We’re a Co-operative – Why should we become a B Corp?
2012 marks the International Year of Co-operatives. Joanna Reynolds recently wrote a great introduction to co-operatives, which have existed and operated in Canada for over 150 years. Over 50% of Canadians are members of at least one co-operative or credit union.
Here are the seven driving principles that unite co-operatives around the world, listed again:
- Voluntary and open membership
- Democratic member control
- Member economic participation
- Autonomy and independence
- Education, training and information
- Co-operation among co-operatives
- Concern for community
A significant aspect of my role at the MaRS Centre for Impact Investing is developing the Canadian B Corp community, I can’t help but be struck by how similar the principles of B Corps are to those of co-operatives. The B Corps certification focuses on 4 main values: accountability, employees, community, and environment. In addition, when a business becomes a B Corp they must sign the “Declaration of Interdependence” that includes the following:
We hold these truths to be self-evident:
- That we must be the change we seek in the world.
- That all business ought to be conducted as if people and place mattered.
- That, through their products, practices, and profits, businesses should aspire to do no harm and benefit all. To do so requires that we act with the understanding that we are each dependent upon another, and thus, responsible for each other and future generations.
What to make of these similarities? Co-ops have been using business to pursue mutual social, economic and cultural benefits for over 150 years, while B Corps have only been in business (so to speak) for 6 years. This idea of using the power of business to solve social and environmental challenges is not new. Have I been erroneously working to increase awareness for B Corps, when I should have been touting co-ops instead? Perhaps I should permit myself to take a step back. Why can't I do both?
The converging themes show that B Corp concepts and values have some strong roots in the rich history of co-ops and that shouldn’t be overlooked. B Corp values include community involvement, income equality, and employee investment, which have been practiced by co-ops for years.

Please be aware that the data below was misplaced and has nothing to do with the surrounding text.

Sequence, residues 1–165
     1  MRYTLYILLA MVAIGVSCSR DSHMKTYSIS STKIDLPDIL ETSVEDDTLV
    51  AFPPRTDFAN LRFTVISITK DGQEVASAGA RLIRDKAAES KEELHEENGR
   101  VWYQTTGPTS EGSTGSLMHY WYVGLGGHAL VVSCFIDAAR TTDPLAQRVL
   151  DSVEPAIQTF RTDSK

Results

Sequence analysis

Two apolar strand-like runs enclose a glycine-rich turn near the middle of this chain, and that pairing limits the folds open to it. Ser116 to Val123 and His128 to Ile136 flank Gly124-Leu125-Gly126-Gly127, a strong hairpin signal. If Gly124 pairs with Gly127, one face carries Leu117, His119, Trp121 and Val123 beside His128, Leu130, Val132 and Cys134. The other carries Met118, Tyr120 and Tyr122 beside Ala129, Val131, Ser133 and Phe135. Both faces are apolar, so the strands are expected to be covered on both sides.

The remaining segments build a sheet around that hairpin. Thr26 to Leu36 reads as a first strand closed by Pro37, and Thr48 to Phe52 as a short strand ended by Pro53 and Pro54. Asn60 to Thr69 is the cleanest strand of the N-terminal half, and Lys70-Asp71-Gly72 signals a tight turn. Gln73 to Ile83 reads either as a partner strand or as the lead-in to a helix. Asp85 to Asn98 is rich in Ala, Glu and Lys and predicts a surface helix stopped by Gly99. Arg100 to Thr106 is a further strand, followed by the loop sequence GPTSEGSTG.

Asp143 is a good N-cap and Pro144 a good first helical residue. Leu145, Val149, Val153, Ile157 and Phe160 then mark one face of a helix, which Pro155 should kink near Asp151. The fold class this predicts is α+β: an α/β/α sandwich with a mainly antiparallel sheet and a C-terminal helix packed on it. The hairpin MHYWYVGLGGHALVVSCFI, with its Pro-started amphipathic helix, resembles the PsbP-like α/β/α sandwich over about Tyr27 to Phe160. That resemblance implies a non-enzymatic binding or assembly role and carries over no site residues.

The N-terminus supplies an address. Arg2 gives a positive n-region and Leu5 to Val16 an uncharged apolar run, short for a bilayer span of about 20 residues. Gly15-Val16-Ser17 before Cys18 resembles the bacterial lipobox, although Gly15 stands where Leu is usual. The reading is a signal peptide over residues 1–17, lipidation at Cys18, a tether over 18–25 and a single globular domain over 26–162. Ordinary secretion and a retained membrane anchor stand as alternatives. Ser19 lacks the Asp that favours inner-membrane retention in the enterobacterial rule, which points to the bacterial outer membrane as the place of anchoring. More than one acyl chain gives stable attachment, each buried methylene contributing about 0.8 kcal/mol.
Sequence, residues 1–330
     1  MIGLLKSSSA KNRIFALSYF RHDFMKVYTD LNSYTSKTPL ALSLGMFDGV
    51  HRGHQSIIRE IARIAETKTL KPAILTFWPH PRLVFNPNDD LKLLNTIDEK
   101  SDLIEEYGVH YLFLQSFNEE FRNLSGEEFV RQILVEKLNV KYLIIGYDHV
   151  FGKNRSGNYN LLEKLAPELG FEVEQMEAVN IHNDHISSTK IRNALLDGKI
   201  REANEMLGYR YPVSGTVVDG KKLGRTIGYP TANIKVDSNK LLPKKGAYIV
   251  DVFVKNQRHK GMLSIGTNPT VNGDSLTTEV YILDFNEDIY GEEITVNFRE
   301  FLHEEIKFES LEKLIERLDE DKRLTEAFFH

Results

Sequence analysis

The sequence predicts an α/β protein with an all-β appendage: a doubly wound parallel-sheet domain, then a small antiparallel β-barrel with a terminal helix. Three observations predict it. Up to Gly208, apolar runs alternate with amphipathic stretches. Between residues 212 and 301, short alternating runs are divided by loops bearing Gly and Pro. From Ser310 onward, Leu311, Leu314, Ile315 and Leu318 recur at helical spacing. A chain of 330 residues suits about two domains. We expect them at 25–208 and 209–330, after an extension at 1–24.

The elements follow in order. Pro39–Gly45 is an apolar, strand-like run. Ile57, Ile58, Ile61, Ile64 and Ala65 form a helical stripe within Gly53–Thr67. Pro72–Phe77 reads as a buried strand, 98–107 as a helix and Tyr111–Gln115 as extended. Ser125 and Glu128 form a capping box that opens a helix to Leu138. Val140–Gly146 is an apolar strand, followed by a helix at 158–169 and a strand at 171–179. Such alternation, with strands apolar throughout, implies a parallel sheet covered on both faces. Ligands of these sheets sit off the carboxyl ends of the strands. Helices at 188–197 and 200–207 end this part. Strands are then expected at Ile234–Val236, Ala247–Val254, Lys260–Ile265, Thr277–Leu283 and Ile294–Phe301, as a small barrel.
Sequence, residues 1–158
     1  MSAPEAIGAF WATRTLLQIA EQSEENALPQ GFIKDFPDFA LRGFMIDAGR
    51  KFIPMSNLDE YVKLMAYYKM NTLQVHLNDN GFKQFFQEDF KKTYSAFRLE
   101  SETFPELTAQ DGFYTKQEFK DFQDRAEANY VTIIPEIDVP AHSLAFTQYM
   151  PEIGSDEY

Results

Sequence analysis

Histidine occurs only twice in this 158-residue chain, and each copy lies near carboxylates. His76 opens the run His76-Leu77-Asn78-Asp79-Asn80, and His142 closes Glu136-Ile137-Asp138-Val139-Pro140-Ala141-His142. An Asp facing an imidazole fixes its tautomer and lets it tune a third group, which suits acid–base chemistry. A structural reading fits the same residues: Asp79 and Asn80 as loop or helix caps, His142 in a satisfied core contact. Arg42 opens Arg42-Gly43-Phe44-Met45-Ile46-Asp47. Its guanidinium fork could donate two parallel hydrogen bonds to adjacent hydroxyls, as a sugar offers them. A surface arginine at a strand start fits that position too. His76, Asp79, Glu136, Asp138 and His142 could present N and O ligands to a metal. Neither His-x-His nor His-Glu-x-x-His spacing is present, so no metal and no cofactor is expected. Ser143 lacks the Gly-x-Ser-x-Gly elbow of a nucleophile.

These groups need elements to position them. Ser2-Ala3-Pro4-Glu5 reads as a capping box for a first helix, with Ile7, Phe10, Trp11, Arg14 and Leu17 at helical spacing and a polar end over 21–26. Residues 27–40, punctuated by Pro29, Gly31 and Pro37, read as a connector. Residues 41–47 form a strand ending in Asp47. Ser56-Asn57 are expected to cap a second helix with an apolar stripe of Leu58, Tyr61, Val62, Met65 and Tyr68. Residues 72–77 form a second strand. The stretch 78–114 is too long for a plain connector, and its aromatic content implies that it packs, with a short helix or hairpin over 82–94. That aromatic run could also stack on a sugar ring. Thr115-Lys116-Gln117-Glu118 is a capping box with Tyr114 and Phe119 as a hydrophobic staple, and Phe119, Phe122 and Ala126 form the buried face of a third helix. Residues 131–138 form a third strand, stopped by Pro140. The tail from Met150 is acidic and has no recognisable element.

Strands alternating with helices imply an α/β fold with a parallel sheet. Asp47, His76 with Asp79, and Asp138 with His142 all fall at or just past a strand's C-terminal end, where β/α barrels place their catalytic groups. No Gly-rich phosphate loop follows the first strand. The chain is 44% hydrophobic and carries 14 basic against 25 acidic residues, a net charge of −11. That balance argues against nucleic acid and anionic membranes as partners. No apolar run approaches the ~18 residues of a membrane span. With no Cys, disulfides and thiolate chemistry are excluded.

Indeed, it is important to note that co-ops and B Corps are not mutually exclusive. Co-operatives are eligible to become certified B Corps. Some may argue that it isn’t necessary, as the seven principles mentioned above already guide co-ops into considering a variety of stakeholders in their pursuit of profit. If co-ops are known for doing good, do they really need a certification to tell the public so?
I would argue that while awareness is growing, many people still don’t know what co-operatives are about. The B Corp certification does a great job of measuring the positive impact of an organization (through the B Impact assessment) and then providing a means to communicate that to all stakeholders.
I also see this as a way for co-ops to continually strive towards best practices and articulate their amazing work. According to Robynn Shrader, CEO of the National Co-operative Grocer’s Association (NCGA) in the US, and a recent addition to the Certified B Corp community, “Food co-ops don’t get out there and demand credit for the great work they are doing. B Corp will help us and our members communicate about our great work more effectively.”
The B Corp movement is about spreading the idea that business is more than just about maximizing profit - whether you’re a co-op, an LLC, a sole proprietor, a corporation, or something else altogether. While becoming a B Corp would be great, it isn’t really the point.
In the end, it doesn’t matter if you’re a co-op, a B Corp, or a co-op that’s a B Corp. We are all playing on the same team; some of us may be seasoned veterans while some of us are still rookies. The most important thing is that we’re in the game.